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No free media with military censorship

IFEX member the Palestinian Center for Development and Media Freedoms responds to David Swick's piece about the challenges of reporting on Israeli-Palestinian relations

The Israeli military's impact on press freedom extends beyond censorship to outright targeted attacks on Palestinian media, says MADA
The Israeli military's impact on press freedom extends beyond censorship to outright targeted attacks on Palestinian media, says MADA

Maamoun Wazwaz

By Riham Abu Aita, Palestinian Center for Development and Media Freedoms

David Swick is right to say that foreign journalists, especially in Canada and the U.S., censor themselves in support of what they think their owners want or their editorial policies call for. Oftentimes, foreign media defend Israel more than Israel defends itself.

But I have to disagree with Swick when it comes to the media freedoms Israeli journalists enjoy. Behind the bright image of media freedom in Israel is military censorship, which has been well documented by international free expression groups Reporters Without Borders (RSF) and Freedom House.

Journalists need to get approval to publish anything regarding foreign affairs, military issues and "peace" with Palestine – or face the consequences. Consider what happened to the whistleblower and former Israeli soldier Anat Cam. Cam was sentenced to four and a half years in prison in October 2011 for leaking "security documents" about Israeli forces violations against Palestinians to the Tel Aviv-based daily Haaretz. Haaretz reporter Uri Blau, who used the documents to publish stories critical of the Israeli forces, pleaded guilty to illegally possessing classified documents, and received a sentence of four months of community service.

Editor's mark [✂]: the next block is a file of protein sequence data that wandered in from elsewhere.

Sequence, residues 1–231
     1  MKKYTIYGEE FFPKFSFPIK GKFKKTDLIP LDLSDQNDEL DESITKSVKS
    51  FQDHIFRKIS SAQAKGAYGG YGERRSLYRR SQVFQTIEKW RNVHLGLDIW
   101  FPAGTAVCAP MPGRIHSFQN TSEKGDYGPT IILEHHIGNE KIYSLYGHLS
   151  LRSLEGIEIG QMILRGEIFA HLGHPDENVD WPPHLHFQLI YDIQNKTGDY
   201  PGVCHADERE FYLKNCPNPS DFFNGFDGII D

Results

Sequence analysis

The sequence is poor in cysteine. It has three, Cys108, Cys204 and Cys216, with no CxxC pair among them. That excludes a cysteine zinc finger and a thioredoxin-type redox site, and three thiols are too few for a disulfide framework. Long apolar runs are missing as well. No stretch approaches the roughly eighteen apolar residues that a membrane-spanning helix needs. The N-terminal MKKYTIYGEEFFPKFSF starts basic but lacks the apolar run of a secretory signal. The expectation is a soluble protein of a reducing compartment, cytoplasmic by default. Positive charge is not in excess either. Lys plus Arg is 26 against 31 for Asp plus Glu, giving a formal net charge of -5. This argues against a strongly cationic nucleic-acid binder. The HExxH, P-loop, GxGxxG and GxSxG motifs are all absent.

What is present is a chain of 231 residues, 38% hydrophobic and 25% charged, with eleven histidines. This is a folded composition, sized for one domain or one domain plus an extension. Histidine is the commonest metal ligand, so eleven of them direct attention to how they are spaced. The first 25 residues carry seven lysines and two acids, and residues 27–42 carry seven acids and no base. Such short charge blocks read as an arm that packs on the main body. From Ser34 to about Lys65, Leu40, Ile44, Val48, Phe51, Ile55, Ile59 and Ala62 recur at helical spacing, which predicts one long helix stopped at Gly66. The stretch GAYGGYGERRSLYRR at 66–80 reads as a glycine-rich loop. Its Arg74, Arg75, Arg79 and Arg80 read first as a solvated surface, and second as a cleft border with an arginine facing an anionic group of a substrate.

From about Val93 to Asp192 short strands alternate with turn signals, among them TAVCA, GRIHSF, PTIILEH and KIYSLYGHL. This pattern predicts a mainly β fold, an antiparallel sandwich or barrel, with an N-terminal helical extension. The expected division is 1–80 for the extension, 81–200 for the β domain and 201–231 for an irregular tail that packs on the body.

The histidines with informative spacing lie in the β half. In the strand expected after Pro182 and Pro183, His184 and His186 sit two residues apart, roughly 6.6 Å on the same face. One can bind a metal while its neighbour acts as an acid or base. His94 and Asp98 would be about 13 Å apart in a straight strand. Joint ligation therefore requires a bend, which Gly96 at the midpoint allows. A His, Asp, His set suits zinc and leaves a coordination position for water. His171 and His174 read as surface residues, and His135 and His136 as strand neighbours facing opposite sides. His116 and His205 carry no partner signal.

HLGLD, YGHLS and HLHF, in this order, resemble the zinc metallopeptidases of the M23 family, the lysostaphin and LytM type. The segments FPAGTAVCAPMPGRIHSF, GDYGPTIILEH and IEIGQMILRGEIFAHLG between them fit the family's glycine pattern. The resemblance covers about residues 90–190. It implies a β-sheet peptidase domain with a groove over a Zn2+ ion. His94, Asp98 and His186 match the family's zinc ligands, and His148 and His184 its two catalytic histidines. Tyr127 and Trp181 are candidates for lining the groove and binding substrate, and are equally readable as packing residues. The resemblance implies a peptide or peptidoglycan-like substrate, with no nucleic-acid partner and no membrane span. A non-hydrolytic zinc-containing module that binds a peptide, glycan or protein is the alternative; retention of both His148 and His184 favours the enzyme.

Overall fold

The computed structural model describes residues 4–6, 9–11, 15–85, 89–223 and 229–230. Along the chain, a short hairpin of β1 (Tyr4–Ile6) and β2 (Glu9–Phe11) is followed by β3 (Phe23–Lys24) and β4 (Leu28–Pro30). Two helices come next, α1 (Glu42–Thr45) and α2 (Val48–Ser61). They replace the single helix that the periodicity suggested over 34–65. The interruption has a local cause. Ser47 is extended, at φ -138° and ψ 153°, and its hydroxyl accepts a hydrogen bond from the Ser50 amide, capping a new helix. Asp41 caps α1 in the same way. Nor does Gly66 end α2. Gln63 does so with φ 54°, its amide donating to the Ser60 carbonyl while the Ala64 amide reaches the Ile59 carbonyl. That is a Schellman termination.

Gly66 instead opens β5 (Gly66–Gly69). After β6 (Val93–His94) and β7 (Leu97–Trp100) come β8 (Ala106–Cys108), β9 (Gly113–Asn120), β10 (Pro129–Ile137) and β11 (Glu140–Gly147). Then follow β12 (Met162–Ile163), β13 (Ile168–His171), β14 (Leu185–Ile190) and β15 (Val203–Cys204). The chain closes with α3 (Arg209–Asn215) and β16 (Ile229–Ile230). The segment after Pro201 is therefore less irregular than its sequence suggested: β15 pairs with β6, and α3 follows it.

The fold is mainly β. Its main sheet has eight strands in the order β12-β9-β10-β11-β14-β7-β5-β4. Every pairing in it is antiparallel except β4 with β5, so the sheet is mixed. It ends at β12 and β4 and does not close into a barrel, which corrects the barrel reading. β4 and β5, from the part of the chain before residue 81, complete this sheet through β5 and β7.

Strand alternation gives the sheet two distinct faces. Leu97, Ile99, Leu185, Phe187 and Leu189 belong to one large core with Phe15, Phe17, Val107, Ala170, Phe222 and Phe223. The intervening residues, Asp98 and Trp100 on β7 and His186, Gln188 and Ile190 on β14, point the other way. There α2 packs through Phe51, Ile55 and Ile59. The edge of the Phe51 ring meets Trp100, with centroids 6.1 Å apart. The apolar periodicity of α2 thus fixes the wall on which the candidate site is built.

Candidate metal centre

The Israeli authorities are also notorious for trying to impose laws that limit criticism, such as the boycott law, which makes any calls for the academic, cultural or economic boycott of Israel a civil offence, and is applicable to Israel proper and the occupied Palestinian territories of East Jerusalem, the West Bank and Gaza.

The proposed amendment to the defamation law would increase six-fold the financial liability for journalists in cases where the plaintiff does not prove that he or she has suffered harm. Offenders who release libelous statements internationally can be sued for as much as 1.5 million New Israeli Shekels (US$ 403,000), without having an opportunity to respond to the claim.

The Israeli military's impact on press freedom extends beyond censorship to outright targeted attacks on Palestinian media, documented by MADA, the Committee to Protect Journalists, RSF and other free expression groups. In November 2012 alone, MADA recorded 62 violations against Palestinian journalists and media organisations committed by Israeli forces, including three deaths.

My advice to journalists in North America wanting to write about Israel and Palestine is to visit the region beforehand. They will no doubt find significant differences between what they read or write in their local media and what is really happening on the ground.

And while I agree with Swick that they should educate themselves, Al Jazeera should not be their sole media source. The channel covers Palestinian suffering, but it has its own agenda that does not always reflect the local reality. As well, they should follow Palestinian local media, such as Palestine Public TV, Maannews.net and the Palestinian News Network (PNN).

Yes, journalists should be brave when writing about Israel and Palestine. It's a sensitive, complex issue that has caused intense suffering and cost thousands of people their lives. We need journalists who do their research diligently, and who report stories in a way that allows readers to draw their own conclusions and form their own opinions.

Riham Abu Aita is Public Relations Officer for the Palestinian Center for Development and Media Freedoms (MADA). She is also responsible for monitoring and reporting media freedoms violations in Palestine.

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